Aquaponic Gardening

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Aquaponics swimming pool conversion - Looking for creative ideas

So here's one for the group... The owner of this property would like to convert these three pools into aquaponics systems. For some perspective, the largest pool is 72' long, 47' wide at the shallow end and 22' wide at the deep end. The deep end is 9.5' deep and the shallow end is 3.5 feet. What would you do?

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Comment by JD Sawyer on July 6, 2010 at 9:15pm
Thanks everyone for your suggestions, it is always fun to dream, and hope for the possibility of building something really amazing.
Comment by TCLynx on July 6, 2010 at 11:35am
Ah yea, as they say, a swimming pool is a hole in the ground into which to pour money. And that would be a really big clear span greenhouse.
Comment by JD Sawyer on July 6, 2010 at 11:23am
Sorry for the slow response on this blog. I basically suggested what Richard did in that we could potentially use the shallow end of the pool for the rafts and then utilize the deeper end (with some infill) for the fish tanks and additional filtration tanks. Unfortunately the scope of the project was a lot more than the owner was comfortable pursuing. The property would have required greenhouse structures and is located in a high wind area in Colorado which created additional challenges. I did also mention the use of freshwater prawns based upon some of the japanese aquaponic garden videos I have recently watched on youtube. I think that would have been cool as well but this project quickly grew to over a half million dollars simply because of the complexity of the property entitlements, required due diligence, etc... Oh well...
Comment by Chris Smith on May 29, 2010 at 1:32pm
Aloha
How much of the surrounding land is part of this property? Are the trees the property lines?
The large pool is too big for use in a system unless the system was many acres big. I would fill the big pool and grow fresh water prawns in it. I would focus on using the smaller pools for fish tanks.A very large system can be built using the smallest pool. I recommend going with the raft method for commercial size aquaponic systems. You have to first decide how much growing space you want to create. You need a minimum of .3 pound of fish for every square foot of raft space. The rafts come in 4x8 sheets so the troughs are designed around those dimensions. The fish need a minimum of 4 gallons of water per pound to be really happy. You can scale a system to any size using those proportions.
Another option for the big pool is to use the deep end as sump tank/fish tank. Build level toughs across the width of the shallow end. Start the trough layout just above the high water stain. Build troughs on all the concrete surrounding the pools and have them drain into the deep end. The water would have to be pumped to a high point for distribution to the troughs(this would be the case when using any of the pools).
The large pool could also be filled with dirt in to create more level growing space for a system run off the two smaller pools.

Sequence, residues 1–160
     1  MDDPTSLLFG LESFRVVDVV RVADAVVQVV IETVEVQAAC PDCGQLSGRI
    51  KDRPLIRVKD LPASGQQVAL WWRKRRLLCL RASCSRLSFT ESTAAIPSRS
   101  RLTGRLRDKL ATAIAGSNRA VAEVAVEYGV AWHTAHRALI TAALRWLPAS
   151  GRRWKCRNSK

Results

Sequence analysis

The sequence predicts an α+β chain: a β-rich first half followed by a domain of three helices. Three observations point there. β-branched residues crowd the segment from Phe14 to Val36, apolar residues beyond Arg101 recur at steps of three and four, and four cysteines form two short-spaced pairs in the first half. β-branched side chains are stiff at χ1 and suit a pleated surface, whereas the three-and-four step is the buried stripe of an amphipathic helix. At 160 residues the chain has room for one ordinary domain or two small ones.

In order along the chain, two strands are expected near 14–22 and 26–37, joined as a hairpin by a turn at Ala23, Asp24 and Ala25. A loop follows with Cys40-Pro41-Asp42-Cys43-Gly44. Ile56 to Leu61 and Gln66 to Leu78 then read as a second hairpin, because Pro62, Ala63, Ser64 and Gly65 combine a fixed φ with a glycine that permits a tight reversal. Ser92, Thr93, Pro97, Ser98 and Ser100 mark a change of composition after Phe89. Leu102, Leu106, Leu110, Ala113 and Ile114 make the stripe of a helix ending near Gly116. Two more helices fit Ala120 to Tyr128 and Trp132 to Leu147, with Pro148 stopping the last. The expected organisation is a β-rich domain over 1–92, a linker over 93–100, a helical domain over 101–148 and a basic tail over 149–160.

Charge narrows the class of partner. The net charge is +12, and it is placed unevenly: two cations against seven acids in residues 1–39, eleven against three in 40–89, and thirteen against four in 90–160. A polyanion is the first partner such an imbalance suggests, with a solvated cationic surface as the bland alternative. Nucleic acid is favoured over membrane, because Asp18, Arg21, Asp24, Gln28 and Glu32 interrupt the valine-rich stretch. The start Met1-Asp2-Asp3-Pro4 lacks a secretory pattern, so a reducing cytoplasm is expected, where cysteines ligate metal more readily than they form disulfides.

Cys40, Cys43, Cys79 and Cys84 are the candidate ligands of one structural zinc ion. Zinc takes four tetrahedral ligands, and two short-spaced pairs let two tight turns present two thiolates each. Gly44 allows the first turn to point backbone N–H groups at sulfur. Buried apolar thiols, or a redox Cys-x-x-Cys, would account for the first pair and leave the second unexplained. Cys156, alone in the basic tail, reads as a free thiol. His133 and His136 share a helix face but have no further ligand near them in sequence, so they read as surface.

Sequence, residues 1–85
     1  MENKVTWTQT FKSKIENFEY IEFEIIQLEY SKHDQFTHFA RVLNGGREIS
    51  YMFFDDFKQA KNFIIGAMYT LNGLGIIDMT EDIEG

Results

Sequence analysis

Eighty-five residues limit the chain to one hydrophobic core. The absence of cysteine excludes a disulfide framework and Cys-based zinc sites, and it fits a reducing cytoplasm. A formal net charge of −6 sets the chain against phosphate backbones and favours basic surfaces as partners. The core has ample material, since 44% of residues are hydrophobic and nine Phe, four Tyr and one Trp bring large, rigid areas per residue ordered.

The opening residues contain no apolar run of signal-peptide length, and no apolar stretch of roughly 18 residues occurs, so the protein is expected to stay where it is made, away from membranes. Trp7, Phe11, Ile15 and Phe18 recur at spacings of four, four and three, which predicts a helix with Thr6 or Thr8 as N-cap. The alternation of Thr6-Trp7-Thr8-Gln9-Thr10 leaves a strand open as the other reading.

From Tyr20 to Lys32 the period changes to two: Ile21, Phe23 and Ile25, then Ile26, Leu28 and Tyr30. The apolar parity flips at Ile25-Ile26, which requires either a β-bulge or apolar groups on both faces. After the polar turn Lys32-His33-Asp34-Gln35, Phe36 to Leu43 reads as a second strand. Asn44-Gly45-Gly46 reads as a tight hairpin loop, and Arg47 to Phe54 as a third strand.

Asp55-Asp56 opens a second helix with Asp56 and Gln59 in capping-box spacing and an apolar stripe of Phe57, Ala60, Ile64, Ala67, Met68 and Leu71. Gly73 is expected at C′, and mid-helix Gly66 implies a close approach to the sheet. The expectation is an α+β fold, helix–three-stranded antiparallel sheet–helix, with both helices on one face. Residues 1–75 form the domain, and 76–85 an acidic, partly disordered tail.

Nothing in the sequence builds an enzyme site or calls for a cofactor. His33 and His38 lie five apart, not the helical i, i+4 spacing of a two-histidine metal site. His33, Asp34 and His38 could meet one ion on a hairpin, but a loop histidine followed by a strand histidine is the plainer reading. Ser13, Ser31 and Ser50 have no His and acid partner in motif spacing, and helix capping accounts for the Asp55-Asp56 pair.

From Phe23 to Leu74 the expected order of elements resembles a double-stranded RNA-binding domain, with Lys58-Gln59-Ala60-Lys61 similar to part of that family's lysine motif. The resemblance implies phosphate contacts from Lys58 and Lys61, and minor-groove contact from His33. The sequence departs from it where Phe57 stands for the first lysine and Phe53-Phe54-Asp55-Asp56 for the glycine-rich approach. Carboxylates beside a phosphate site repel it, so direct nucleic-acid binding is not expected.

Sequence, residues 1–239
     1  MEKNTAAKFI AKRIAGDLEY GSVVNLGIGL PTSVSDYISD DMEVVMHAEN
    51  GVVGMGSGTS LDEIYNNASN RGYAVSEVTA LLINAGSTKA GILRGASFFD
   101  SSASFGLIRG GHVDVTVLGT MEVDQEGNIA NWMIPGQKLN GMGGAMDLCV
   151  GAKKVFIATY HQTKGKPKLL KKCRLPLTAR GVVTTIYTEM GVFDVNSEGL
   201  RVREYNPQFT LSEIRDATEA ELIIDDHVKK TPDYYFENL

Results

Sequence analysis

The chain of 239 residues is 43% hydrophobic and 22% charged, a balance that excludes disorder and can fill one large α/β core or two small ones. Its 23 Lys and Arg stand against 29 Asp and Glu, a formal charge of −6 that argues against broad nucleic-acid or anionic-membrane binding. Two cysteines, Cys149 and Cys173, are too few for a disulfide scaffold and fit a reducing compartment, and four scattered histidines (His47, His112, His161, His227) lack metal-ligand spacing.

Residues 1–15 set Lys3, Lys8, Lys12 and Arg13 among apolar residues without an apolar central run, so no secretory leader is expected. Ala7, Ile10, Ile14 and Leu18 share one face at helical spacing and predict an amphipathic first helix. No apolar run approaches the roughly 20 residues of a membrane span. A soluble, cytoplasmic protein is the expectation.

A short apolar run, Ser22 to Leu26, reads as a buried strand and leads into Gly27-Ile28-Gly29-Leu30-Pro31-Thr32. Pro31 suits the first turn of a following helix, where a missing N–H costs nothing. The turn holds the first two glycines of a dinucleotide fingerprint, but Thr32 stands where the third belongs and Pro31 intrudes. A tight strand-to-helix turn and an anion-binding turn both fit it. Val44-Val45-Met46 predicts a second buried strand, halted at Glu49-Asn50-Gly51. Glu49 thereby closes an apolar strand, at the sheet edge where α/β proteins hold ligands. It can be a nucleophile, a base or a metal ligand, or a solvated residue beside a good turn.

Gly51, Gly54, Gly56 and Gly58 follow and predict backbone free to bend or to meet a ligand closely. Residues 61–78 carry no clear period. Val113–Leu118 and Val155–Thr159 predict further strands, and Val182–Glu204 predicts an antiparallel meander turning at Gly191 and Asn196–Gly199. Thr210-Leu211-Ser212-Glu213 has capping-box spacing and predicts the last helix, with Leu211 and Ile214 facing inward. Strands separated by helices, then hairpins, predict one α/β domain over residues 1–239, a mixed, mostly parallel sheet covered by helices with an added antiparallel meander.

There are many possibilities!
Chris
Comment by TCLynx on May 29, 2010 at 11:02am
JD,
Do you have any additional information about this possible project? I'm interested to hear what they do. Actually this might be a prime opportunity for a commercial scale system using Nate's towers.
Comment by Richard Wyman on May 26, 2010 at 9:34pm
The large pool doesn't need to be full, not enough room for growbeds for that much water anyway. If its full about to the stain line in the picture that would leave room for about 2 4' x 40' beds and 2, maybe 3, 4 x 32's, with some steps in the top left corner, and keeping that left side as the access isle. A small platform at the waters edge would make feeding and water testing easy.
Comment by TCLynx on May 26, 2010 at 7:56pm
Start with the smallest pool and a system based on that as the fish tank and see if they are still interested in continuing after that.

Where is this located? Are they gonna need gigantic greenhouses to cover all this? And all the greenhouse that would be needed to cover the plant area too? Do they have the budget to do it and do they have a market for the fish and produce lined up?

The smallest pool would probably provide a nice size fish tank for a family (assuming it is more than just a 6" deep kiddie pool.) That huge pool is a bit mind boggling. Raising fish in that, it would be a real challenge to harvest them.
Comment by Richard Wyman on May 26, 2010 at 7:26pm
I guess the question would be, how much money is he talking about spending?

Seems like the cheapest would be rafts set up in the shallow part, draining back to the deep end which would have about 4 or 5 feet of water, or whatever the bottom contour would allow there. A pump in the bottom of the pool should pull most of the solids out as it looks like it all slopes to the drain. For safety the fence would need to be around the whole pool.
If he has a bit more money it could be turned into a pond/waterfall/creek with the beds on the sides of the water feature and maybe more on the slab above.With many tons of rock it could look natural and still produce alot of good stuff.

Good luck with your designs JD :)

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